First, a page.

A Michigan Court of Appeals recently published an opinion on the Michigan Medical Marihuana Act (MMMA) drastically limiting the definition of usable marijuana. This decision could have a serious affect the way qualified patients are allowed to take their medicine.
The defendant was a certified caregiver for four patients. He was stopped while driving on a suspended license. Officers found 9.1 ounces of dried, usable marijuana, and several brownies, each marked with a price and the amount of TCH in them. The police arrested him and charged him with possession of a controlled substance with the intent to distribute, even though the defendant produced his caretaker card and proof that he was the registered caretaker for four qualified patients.
The question that brought the case to the appeals court was whether the weight of the entire brownie, or just the THC should be used in determining whether the defendant had exceeded the weight allowed by the MMMA. But that wasn’t the real issue, as far as the court was concerned. In a surprising decision, the court found that brownies made with THC extract from marijuana resin do not qualify for protection at all under Section 4 of the MMMA.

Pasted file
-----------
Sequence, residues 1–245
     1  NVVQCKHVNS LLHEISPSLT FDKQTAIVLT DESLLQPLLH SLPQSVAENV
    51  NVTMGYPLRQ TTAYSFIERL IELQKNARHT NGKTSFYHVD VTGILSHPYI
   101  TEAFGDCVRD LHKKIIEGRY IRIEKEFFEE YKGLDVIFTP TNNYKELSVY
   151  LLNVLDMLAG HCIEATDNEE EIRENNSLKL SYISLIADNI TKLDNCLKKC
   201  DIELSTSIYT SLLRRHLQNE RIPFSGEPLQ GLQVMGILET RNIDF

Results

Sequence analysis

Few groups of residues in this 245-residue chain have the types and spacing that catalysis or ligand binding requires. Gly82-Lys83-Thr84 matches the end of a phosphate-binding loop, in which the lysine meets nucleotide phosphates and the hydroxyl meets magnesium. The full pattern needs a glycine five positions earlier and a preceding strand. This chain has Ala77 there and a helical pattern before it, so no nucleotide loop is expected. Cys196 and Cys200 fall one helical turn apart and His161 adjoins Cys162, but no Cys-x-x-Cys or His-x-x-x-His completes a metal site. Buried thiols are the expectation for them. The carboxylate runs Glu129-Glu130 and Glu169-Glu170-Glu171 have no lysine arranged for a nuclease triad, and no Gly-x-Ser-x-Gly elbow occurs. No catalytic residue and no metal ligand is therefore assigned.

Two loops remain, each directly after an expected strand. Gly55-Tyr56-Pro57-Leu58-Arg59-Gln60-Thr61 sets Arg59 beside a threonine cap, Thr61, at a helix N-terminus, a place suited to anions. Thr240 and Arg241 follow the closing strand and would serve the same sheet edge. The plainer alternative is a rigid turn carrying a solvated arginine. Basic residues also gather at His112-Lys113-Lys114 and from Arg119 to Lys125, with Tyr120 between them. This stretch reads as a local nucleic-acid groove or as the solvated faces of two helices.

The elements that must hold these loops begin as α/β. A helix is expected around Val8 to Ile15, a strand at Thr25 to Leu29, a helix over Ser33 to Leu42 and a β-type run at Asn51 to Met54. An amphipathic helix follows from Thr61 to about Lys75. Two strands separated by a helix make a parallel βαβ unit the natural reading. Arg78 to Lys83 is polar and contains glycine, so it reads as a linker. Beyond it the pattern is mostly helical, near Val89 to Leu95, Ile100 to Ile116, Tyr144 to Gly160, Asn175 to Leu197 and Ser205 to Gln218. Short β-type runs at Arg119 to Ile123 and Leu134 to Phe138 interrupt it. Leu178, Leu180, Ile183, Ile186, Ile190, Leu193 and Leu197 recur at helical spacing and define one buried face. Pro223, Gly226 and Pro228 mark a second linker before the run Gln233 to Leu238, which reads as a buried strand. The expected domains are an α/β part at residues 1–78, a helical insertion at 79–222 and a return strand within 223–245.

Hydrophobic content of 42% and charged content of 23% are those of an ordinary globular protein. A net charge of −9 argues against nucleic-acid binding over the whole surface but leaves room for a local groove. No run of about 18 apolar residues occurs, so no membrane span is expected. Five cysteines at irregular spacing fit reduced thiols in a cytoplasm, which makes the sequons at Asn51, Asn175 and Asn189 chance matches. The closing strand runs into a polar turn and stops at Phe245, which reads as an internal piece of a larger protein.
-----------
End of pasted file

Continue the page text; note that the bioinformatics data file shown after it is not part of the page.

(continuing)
As is often the case, it all came down to definitions. Different parts of the MMMA use different definitions for the medicine they cover. Some sections, including the Section 8 affirmative defense, use the broad definition of marijuana from the public health code:
“Marihuana” means all parts of the plant Cannabis sativa L., growing or not; the seeds thereof; the resin extracted from any part of the plant; and every compound, manufacture, salt, derivative, mixture, or preparation of the plant or its seeds or resin. It does not include the mature stalks of the plant, fiber produced from the stalks, oil or cake made from the seeds of the plant, any other compound, manufacture, salt, derivative, mixture or preparation of the mature stalks, except the resin extracted therefrom, fiber, oil or cake, or the sterilized seed of the plant which is incapable of germination. MCL 333.7106(3).
But Section 4 applies specifically to “usable marihuana,” which is more narrowly defined as:
[T]he dried leaves and flowers of the marihuana plant, and any mixture or preparation thereof, but does not include the seeds, stalks, and roots of the plant. MCL 333.26423(k).
The court said that because the THC in the brownies came from resin and not from dried leaves and flowers, the defendant could not get the case dismissed under Section 4. But since Section 8 uses the broader definition, the defendant was allowed to go back to the trial court and assert his Section 8 defense.
This decision could have a huge impact on how qualified patients take their medicine. Many of the non-smoked preparations are made from the same kind of resin found in Cannabutter. Under this new case law, those preparations are no longer considered usable marijuana and aren’t protected under the statute. This decision basically tells patients to smoke their medicine or do nothing at all.